Productivity in a human context: creating and applying proxies relevant to Chicama Valley archaeology.
El Niño-related changes in marine and terrestrial productivity impacted Chicama residents in several ways, including altering available marine species, soil productivity, and by extension, the technological and economic innovations necessary to adapt. The combination of marine and terrestrial resources were central to the economy of people living in the Chicama Valley throughout the Holocene. Estimates of El Niño’s effects on past marine productivity typically rely on open ocean proxies distant to where people may have lived and fished, and may not accurately reflect the day-to-day reality of people living in a particular area. Similarly, El Niño-related flooding affected terrestrial productivity through both erosion and deposition. Therefore archaeological research would benefit from new proxies focused on the times and places relevant to human economies. Such proxies are now being developed and applied to a limited extent, and will be discussed as relevant to the Chicama Valley, with particular focus on productivity changes that may or may not have impacted people over time. For example, it is unlikely marine productivity near the Chicama Valley ever diminished to the point where a lack of resources was a meaningful threat until the advent of modern industrial fishing.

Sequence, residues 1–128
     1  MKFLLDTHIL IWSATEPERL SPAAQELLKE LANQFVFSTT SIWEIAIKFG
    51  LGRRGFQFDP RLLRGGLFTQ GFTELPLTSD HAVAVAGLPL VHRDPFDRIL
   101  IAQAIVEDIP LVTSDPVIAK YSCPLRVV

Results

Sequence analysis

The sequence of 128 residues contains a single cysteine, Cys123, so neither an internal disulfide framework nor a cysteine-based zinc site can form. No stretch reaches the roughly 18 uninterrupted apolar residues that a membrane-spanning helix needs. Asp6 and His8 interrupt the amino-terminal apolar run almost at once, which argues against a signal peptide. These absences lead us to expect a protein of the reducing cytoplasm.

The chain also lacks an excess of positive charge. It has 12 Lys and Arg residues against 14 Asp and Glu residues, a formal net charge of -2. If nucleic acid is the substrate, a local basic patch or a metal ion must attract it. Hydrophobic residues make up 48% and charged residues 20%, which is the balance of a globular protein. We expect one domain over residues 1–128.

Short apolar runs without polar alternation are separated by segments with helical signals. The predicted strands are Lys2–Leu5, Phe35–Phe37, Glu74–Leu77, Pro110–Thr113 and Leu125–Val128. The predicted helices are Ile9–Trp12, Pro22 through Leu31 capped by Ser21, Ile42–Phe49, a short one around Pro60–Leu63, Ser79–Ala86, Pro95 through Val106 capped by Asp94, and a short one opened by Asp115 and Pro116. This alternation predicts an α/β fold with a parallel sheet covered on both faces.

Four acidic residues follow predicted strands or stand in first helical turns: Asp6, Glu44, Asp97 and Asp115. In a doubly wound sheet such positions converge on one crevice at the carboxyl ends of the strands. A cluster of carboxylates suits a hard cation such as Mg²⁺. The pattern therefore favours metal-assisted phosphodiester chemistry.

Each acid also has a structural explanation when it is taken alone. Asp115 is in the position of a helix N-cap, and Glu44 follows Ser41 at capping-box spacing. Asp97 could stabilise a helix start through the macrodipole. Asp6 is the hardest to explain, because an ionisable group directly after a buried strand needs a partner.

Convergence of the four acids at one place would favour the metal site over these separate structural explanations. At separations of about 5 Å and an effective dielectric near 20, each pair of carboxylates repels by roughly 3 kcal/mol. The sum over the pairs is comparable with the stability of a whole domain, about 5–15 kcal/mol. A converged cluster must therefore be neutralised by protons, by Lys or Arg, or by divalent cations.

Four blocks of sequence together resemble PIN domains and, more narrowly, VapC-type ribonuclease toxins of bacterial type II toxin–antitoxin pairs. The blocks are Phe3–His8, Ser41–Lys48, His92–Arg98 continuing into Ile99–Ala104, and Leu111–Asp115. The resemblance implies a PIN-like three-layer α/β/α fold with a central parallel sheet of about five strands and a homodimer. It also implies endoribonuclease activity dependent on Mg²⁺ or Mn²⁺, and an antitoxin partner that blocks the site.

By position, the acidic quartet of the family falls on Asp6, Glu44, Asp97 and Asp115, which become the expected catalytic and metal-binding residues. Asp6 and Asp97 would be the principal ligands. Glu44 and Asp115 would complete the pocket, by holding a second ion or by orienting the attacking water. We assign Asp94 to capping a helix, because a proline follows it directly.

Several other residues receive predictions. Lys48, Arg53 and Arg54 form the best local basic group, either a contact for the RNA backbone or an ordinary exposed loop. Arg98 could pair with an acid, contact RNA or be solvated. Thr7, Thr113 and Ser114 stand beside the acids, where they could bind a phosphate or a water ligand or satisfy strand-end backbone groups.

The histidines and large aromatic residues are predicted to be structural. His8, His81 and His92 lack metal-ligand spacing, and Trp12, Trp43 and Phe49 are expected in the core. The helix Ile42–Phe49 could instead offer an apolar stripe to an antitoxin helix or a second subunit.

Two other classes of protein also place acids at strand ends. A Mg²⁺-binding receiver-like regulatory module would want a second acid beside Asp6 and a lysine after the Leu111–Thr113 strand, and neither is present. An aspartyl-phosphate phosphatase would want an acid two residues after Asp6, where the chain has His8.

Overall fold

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Productivity in a human context: creating and applying proxies relevant to Chicama Valley archaeology.. C. Fred Andrus, Alice R. Kelley, Daniel H. Sandweiss. Presented at The 81st Annual Meeting of the Society for American Archaeology, Vancouver, British Columbia. 2017 ( tDAR id: 429275)
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min long: -93.691; min lat: -56.945 ; max long: -31.113; max lat: 18.48 ;
Abstract Id(s): 14690